Next Article in Journal
Use of Multibeam and Dual-Beam Sonar Systems to Observe Cavitating Flow Produced by Ferryboats: In a Marine Renewable Energy Perspective
Next Article in Special Issue
South Florida’s Encroachment of the Sea and Environmental Transformation over the 21st Century
Previous Article in Journal / Special Issue
Spatial and Temporal Clustering Analysis of Extreme Wave Events around the UK Coastline

Observed Sea-Level Changes along the Norwegian Coast

Geodetic Institute, Norwegian Mapping Authority, NO-3507 Hønefoss, Norway
Faculty of Science and Technology, Norwegian University of Life Sciences (NMBU), NO-1432 Ås, Norway
Nansen Environmental and Remote Sensing Center and Bjerknes Centre for Climate Research, 5006 Bergen, Norway
Author to whom correspondence should be addressed.
J. Mar. Sci. Eng. 2017, 5(3), 29;
Received: 31 May 2017 / Revised: 30 June 2017 / Accepted: 12 July 2017 / Published: 17 July 2017
(This article belongs to the Special Issue Coastal Sea Levels, Impacts and Adaptation)
Norway’s national sea level observing system consists of an extensive array of tide gauges, permanent GNSS stations, and lines of repeated levelling. Here, we make use of this observation system to calculate relative sea-level rates and rates corrected for glacial isostatic adjustment (GIA) along the Norwegian coast for three different periods, i.e., 1960 to 2010, 1984 to 2014, and 1993 to 2016. For all periods, the relative sea-level rates show considerable spatial variations that are largely due to differences in vertical land motion due to GIA. The variation is reduced by applying corrections for vertical land motion and associated gravitational effects on sea level. For 1960 to 2010 and 1984 to 2014, the coastal average GIA-corrected rates for Norway are 2.0 ± 0.6 mm/year and 2.2 ± 0.6 mm/year, respectively. This is close to the rate of global sea-level rise for the same periods. For the most recent period, 1993 to 2016, the GIA-corrected coastal average is 3.5 ± 0.6 mm/year and 3.2 ± 0.6 mm/year with and without inverse barometer (IB) corrections, respectively, which is significantly higher than for the two earlier periods. For 1993 to 2016, the coastal average IB-corrected rates show broad agreement with two independent sets of altimetry. This suggests that there is no systematic error in the vertical land motion corrections applied to the tide-gauge data. At the same time, altimetry does not capture the spatial variation identified in the tide-gauge records. This could be an effect of using altimetry observations off the coast instead of directly at each tide gauge. Finally, we note that, owing to natural variability in the climate system, our estimates are highly sensitive to the selected study period. For example, using a 30-year moving window, we find that the estimated rates may change by up to 1 mm/year when shifting the start epoch by only one year. View Full-Text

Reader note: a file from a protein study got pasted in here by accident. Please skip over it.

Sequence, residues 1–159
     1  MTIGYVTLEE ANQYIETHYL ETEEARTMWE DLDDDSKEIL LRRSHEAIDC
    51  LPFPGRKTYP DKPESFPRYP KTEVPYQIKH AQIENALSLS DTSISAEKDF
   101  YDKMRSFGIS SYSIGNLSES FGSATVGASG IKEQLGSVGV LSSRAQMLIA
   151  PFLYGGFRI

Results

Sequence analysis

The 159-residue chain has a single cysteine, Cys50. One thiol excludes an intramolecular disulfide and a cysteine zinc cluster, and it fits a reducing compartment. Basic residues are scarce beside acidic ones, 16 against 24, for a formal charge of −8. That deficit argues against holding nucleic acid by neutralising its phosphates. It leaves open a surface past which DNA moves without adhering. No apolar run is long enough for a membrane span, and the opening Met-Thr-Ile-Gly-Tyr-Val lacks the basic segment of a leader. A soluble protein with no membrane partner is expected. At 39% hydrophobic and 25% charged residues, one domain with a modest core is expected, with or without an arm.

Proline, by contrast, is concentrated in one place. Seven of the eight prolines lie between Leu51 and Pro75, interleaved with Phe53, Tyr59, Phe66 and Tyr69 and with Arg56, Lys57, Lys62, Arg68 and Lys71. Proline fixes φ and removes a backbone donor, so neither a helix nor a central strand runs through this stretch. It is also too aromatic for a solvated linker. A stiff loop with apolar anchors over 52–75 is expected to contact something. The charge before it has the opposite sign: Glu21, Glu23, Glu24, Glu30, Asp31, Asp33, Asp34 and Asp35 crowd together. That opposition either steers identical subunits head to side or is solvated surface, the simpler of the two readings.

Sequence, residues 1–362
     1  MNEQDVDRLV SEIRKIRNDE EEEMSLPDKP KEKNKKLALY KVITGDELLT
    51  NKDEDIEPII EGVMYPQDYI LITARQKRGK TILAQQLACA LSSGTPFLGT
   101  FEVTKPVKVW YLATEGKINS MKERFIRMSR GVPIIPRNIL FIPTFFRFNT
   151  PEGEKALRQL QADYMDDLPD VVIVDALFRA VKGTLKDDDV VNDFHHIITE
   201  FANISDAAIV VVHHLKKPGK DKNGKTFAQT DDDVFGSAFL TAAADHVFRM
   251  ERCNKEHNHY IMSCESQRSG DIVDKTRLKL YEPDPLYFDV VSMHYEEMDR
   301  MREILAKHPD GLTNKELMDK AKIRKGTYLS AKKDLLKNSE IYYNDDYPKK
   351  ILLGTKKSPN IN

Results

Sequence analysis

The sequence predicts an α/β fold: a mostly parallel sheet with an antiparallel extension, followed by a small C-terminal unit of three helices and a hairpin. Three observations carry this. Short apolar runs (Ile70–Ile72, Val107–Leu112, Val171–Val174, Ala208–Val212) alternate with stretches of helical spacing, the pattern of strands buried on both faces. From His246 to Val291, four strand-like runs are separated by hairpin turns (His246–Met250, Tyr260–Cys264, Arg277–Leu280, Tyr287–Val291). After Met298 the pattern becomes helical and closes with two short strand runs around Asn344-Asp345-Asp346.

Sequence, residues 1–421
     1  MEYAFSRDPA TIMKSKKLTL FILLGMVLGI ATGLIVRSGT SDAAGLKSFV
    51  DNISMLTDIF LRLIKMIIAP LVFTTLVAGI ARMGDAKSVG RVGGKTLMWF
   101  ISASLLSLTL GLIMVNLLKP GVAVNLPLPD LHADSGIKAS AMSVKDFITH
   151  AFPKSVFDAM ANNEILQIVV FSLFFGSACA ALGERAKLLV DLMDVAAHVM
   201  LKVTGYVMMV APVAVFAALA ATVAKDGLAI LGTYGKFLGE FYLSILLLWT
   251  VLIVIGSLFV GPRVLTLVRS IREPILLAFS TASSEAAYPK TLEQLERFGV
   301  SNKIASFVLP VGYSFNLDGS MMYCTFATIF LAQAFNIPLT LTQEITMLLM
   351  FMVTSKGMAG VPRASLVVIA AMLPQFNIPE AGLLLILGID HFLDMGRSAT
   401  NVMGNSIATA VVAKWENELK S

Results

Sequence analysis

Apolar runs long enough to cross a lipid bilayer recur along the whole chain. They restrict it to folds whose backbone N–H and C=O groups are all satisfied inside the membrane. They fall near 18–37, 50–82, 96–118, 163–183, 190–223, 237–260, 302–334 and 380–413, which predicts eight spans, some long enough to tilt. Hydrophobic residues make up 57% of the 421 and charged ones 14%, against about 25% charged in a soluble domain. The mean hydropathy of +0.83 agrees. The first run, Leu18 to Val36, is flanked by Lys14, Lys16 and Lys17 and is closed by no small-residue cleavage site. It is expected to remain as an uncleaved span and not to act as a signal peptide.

Keywords: sea-level change; glacial isostatic adjustment; tide gauges; altimetry sea-level change; glacial isostatic adjustment; tide gauges; altimetry
Show Figures

Figure 1

MDPI and ACS Style

Breili, K.; Simpson, M.J.R.; Nilsen, J.E.Ø. Observed Sea-Level Changes along the Norwegian Coast. J. Mar. Sci. Eng. 2017, 5, 29.

AMA Style

Breili K, Simpson MJR, Nilsen JEØ. Observed Sea-Level Changes along the Norwegian Coast. Journal of Marine Science and Engineering. 2017; 5(3):29.

Chicago/Turabian Style

Breili, Kristian, Matthew J.R. Simpson, and Jan E.Ø. Nilsen. 2017. "Observed Sea-Level Changes along the Norwegian Coast" Journal of Marine Science and Engineering 5, no. 3: 29.

Find Other Styles
Note that from the first issue of 2016, MDPI journals use article numbers instead of page numbers. See further details here.

Article Access Map by Country/Region

Back to TopTop